The idea behind the show is to create a work that tells a story about everyday people and their everyday actions in service of celebrating and magnifying ordinary and everyday beauty. How do we do this?
By using the flamenco interplay between singer, guitar and dancer, but in this work it is between photo, dance (hip hop and flamenco) and music (flamenco, beatboxing, Son Jarocho and violin).
Q – How did you like collaborating with Akito? Do you see more collaborations with him? 

Our physical time together has always been limited but the time we have spent together, writing each other and working with his photos now for the last few years, has been more than adequate in cultivating a depth in friendship and an understanding both of the photos and photographer while living and walking in Pilsen in the day-to-day sense.

I carry these images everywhere I go and, as a result, I can see new ones all the time. We still have the tailor shop, laundry mats, families sitting on porches, basketball games, and the unsuspecting smiles when passing each other on the street. Akito and I are talking about his dog photos; let's see if that makes for another project?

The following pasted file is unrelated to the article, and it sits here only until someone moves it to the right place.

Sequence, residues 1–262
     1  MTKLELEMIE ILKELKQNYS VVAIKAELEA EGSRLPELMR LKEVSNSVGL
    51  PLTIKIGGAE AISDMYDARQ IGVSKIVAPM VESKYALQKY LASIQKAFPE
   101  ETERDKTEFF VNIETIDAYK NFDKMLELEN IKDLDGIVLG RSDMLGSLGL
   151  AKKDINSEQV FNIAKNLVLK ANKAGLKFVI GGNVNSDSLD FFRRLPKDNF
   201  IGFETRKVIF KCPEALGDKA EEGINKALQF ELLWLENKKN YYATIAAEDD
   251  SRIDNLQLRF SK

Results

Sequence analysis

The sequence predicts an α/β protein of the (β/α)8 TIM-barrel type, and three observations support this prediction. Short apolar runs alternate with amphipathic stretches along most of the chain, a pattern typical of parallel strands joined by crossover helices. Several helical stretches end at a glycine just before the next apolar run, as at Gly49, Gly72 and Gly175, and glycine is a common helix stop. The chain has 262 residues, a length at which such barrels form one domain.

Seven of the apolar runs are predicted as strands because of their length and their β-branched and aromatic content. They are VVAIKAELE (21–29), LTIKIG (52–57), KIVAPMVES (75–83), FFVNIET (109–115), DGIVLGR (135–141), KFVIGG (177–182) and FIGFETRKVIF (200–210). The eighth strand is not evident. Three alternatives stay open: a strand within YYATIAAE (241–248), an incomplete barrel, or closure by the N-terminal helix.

Q – What would you like people to get out of the show? 

One thing a lot of my work has to do with – and certainly this piece is not different – is people matter and caring for each other is how that functions. People all over the world create and thrive on a sense of belonging and, many times, the way people create this is by seemingly ordinary and simple ways and, in Pilsen, just walking around, sitting on porches, talking to our neighbors, being curious about each other instead of fearful has always been part of the neighborhood.

Making this piece has something akin to this too – we all show up with our disciplines at the service of the photos and we see where we connect; how an image inspires a sound, a movement, etc. and when we work this way we make something entirely new because we are exploring the capacity that each discipline has to interacting with each other.

And because we are all out of our comfort zones in this mixed disciplines piece, the method is simple – we fool around, go back and forth and the piece discovers us.

Q – Of course, Clinard Dance is also celebrating its 20th anniversary this year. Has Clinard Dance lived up to your expectations? What dream projects do you have? 

Clinard Dance has allowed me and all the fine artists who we've worked with a platform to make originally devised artworks and, at the same time through the school and Flamenco Quartet Project, to hone in as craftspeople on the art of flamenco; I am grateful. 

We have just been awarded a 2019 MacArthur International Connections Fund. We will be working with Compania Elena Andujar from Madrid, Spain.

We will be working with seniors in Chicago and gitano youth in Spain in one component of the exchange.